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first_imgPhotosynthesis, the light-harvesting capability of plants, was a black box 30 years ago, but more and more details have been elucidated by advanced probing techniques.  In the March 18 issue of Nature,1, a team of Chinese scientists determined the X-ray structure of a principal component acts like a light-harvesting antenna.  The structure utilizes special molecules that not only gather the energy of light, but also get rid of excess energy that could damage the plant.  They write, “Four carotenoid-binding sites per monomer have been observed.  The xanthophyll-cycle carotenoid at the monomer-monomer interface may be involved in the non-radiative dissipation of excessive energy, one of the photoprotective strategies that have evolved in plants.”1Liu et al., “Crystal structure of spinach major light-harvesting complex at 2.72 � resolution,” Nature 428, 287 – 292 (18 March 2004); doi:10.1038/nature02373.Nice observation, but another example of the Darwinian bad habit of assuming what ought to be proved.  Plants don’t evolve protective strategies.  That requires intelligence.(Visited 10 times, 1 visits today)FacebookTwitterPinterestSave分享0last_img read more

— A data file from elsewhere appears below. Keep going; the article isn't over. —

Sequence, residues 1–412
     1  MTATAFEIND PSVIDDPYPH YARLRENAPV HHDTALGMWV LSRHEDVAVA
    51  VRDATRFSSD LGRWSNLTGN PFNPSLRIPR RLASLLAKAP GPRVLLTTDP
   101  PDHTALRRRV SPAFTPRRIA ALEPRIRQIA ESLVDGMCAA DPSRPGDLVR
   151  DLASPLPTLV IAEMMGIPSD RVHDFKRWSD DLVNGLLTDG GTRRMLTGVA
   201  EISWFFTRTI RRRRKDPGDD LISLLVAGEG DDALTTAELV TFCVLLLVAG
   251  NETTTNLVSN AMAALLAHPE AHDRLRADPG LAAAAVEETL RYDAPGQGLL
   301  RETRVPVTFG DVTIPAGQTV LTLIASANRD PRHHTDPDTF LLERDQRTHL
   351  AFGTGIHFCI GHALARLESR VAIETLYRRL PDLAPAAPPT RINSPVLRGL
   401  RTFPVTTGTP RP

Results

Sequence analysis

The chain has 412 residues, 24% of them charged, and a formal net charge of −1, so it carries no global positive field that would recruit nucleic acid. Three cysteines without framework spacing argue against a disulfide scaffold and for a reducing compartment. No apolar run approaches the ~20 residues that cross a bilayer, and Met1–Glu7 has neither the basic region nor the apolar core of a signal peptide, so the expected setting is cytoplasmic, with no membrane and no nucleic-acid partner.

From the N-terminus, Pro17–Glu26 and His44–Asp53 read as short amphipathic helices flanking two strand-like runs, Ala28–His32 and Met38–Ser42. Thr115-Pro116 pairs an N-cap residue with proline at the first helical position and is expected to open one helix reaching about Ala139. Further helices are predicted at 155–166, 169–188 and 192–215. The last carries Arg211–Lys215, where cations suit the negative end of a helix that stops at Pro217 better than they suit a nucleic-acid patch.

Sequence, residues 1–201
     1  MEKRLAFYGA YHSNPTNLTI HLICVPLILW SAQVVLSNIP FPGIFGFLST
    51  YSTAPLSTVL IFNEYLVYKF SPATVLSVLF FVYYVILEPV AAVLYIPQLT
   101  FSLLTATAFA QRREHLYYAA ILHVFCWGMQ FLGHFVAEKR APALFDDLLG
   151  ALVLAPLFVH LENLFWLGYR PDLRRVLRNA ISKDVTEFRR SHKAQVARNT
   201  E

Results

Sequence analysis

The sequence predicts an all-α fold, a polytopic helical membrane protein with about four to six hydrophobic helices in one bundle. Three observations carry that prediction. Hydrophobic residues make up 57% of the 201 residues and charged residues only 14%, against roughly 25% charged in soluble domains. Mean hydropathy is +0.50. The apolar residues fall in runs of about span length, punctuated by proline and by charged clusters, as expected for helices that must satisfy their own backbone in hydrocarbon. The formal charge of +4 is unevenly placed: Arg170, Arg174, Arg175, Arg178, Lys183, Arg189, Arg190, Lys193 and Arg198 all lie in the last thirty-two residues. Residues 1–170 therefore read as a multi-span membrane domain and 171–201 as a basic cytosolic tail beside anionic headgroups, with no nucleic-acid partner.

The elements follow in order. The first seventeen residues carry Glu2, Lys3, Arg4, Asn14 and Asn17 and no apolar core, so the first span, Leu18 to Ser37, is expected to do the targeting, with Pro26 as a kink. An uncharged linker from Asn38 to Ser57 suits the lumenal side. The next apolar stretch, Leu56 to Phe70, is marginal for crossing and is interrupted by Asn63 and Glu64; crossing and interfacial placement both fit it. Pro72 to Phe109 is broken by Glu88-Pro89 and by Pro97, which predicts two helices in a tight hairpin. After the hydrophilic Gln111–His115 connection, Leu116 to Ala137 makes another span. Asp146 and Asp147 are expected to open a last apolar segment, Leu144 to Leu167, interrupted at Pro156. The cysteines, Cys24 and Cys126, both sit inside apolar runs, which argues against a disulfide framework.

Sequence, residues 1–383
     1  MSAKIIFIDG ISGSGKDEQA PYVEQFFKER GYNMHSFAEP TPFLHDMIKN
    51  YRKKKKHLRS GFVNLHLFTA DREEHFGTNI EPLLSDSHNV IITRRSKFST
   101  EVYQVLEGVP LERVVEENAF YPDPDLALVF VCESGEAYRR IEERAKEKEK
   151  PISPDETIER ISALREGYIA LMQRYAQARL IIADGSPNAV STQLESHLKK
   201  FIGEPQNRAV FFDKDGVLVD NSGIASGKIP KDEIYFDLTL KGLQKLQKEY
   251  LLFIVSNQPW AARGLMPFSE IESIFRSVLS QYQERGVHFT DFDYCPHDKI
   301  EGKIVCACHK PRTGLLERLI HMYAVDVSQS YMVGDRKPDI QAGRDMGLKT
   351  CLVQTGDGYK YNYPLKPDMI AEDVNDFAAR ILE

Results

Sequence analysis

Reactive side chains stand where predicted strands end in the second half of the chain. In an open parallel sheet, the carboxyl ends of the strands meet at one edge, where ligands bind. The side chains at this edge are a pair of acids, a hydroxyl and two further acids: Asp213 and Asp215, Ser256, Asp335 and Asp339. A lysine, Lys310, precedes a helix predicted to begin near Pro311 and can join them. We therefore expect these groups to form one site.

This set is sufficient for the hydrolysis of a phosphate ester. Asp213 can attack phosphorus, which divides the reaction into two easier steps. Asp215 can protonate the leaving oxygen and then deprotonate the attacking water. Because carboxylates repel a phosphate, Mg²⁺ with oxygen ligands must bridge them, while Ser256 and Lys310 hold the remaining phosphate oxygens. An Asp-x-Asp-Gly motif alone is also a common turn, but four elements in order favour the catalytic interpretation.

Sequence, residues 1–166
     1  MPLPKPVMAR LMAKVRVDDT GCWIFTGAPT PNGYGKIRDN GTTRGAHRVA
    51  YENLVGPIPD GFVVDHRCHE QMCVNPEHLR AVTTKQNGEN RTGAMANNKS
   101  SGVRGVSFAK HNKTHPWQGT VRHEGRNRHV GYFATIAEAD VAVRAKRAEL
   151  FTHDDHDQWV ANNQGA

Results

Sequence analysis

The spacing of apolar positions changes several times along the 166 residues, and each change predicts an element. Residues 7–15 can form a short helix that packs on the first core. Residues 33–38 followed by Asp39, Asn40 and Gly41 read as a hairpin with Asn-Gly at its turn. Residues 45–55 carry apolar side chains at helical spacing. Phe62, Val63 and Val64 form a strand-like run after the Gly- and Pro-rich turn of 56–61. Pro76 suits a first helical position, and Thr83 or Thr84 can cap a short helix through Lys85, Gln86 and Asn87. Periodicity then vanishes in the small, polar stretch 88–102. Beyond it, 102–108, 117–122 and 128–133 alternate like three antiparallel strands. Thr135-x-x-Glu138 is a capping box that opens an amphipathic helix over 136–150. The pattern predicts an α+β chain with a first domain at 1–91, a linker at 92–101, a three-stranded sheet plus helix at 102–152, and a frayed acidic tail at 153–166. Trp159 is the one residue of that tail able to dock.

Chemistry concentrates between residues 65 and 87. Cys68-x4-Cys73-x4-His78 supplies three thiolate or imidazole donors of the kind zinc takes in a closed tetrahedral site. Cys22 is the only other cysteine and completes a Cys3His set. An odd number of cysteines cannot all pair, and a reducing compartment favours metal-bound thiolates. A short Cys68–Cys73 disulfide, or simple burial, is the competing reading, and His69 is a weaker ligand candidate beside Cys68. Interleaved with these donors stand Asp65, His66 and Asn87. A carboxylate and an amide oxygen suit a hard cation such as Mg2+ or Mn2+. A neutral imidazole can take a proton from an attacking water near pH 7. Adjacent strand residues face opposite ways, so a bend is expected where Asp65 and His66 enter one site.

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first_img28 May 2012South African and international police are working together to curb a suspected international drug smuggling unit following the seizure of 1.1 tons of narcotics with a street value of R36-million in Tulisa Park outside Johannesburg on Saturday.The seizure was made during a joint operation between elite police unit the Hawks, the South African Police Service (SAPS) Crime Intelligence, and customs officials from the South African Revenue Service.The narcotics were packaged in fraudulently labelled packs, including pet food cans, tobacco and coffee packages, said national police spokesperson Captain Dennis Adriao.It is believed that the consignment of drugs was destined for international markets.Initial tests conducted at the scene indicated that the drugs were hashish.“The success of this seizure was attributed to information received from a member of the public and weeks of investigations, which identified the storage facility where the narcotics were being stored,” Adriao said.“The storage facility … was part of a freight service that stores consignments and then also dispatches the freight to various parts of the country and overseas.”Police also found a large tortoise, which was identified by the NSPCA Wildlife Unit as a leopard tortoise – an approximately 50-year-old female.“The tortoise didn’t have any food or water and was being kept together with the narcotics consignment. We believe that the tortoise could have been destined for the international markets as well, especially the Asian countries.”No arrests have been made as yet, but the Hawks were still following up on information, Adriao said.Source: BuaNewslast_img read more